• Check ALL outlets on the circuit for signs of burning or changing colors.
  • Check the insulation in and around the receptacle. It shouldn’t look damaged, cracked, or brittle.
  • Inspect all light switches and electrical outlets on the circuit.
  • Inspect the wiring inside ALL light fixtures connected on the circuit.
  • Use a receptacle tester to check if your outlets are working properly.

Ground Fault

A ground fault occurs when electricity leaks from its intended path on the current to the ground. When a ground fault occurs, large amounts of electricity is forced to flow through the circuit breaker causing it to trip. This can cause potential dangers of electric shock, burns, and electrical fires.

There are many reasons why a ground fault would occur, but here are a few:

  • Water leakage in or around the breaker panel
  • The ground fault circuit interrupter is damaged or faulty 
  • Worn out and damaged electrical wiring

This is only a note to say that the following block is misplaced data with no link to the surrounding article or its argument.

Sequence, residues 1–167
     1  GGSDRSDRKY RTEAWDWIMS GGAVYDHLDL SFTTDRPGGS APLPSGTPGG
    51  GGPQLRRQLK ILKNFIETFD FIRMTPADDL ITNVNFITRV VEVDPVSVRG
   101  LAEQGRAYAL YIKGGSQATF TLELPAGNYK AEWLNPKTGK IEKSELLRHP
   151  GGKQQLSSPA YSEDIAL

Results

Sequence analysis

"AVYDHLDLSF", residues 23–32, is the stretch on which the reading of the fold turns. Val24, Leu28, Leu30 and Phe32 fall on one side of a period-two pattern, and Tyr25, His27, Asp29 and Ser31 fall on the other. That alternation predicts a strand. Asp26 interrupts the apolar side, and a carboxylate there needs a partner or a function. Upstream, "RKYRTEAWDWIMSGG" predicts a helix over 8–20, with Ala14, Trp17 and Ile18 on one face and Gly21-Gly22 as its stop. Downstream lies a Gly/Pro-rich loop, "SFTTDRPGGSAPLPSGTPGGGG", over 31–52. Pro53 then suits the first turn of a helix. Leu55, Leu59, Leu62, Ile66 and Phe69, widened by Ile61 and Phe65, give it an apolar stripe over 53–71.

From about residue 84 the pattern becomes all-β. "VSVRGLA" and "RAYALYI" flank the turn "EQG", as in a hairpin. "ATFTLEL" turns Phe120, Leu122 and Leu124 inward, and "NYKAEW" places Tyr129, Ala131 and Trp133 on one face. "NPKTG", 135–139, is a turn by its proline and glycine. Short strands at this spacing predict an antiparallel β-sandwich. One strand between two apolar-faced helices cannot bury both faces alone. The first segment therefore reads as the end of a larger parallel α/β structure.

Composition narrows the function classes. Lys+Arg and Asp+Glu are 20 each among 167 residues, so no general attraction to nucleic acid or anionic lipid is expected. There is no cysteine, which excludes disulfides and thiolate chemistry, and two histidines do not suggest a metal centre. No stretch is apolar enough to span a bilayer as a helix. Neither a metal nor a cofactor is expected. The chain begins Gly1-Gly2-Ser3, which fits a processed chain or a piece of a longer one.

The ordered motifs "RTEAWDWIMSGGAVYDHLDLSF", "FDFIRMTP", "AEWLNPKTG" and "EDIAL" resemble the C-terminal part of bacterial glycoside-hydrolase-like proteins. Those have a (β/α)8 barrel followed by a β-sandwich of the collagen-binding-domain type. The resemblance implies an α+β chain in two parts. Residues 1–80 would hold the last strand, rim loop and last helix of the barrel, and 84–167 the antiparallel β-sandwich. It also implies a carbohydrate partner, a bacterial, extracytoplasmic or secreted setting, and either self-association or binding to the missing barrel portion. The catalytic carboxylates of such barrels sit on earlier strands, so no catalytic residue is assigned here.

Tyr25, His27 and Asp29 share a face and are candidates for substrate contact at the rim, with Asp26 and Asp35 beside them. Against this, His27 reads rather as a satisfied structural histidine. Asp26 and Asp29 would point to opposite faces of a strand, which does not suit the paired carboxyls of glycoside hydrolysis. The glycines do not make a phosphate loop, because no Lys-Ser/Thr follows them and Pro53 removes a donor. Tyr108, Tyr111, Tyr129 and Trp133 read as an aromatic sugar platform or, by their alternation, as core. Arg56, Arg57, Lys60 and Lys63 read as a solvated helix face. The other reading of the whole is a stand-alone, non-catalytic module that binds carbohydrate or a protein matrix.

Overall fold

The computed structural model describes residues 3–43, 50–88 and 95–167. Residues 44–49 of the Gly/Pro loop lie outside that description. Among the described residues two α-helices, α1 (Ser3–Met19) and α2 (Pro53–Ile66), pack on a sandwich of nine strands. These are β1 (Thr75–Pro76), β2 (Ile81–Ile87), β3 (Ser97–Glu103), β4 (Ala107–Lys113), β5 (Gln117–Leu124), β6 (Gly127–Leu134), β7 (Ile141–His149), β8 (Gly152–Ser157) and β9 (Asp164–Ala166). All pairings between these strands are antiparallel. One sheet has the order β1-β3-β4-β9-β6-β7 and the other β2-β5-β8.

How to prevent ground faults?

Installing GFCI protected outlets or circuit breakers are a great way to stay safe from the dangers of ground faults. A GFCI breaker can be built in or added to the circuit panel in your building. Unlike a normal breaker panel, a GFCI breaker panel is normally larger and has its own test and reset buttons to protect against ground faults. All electrical receptacles that are installed to a GFCI breaker will have full ground fault circuit protection.

GFCI outlets, on the other hand, are much easier to install. How to install a GFCI outlet?

Troubleshooting Tips

electrician fixing electrical circuit breaker box
  1. Identify the tripped breaker. The tripped breaker will be between “on” and “off” position.


  1. Turn off all appliances. Make sure all electrical devices connected to the tripped breaker are turned off. This will prevent power surges when you reset the breaker (1).


  1. Test your circuit breaker. Assess the “wear and tear” of your breaker by moving it from the “off” to “on” position. This will reset the breaker. If the breaker moves easily and feels loose, the breaker is defective and should be replaced before moving on to further troubleshooting tips (1).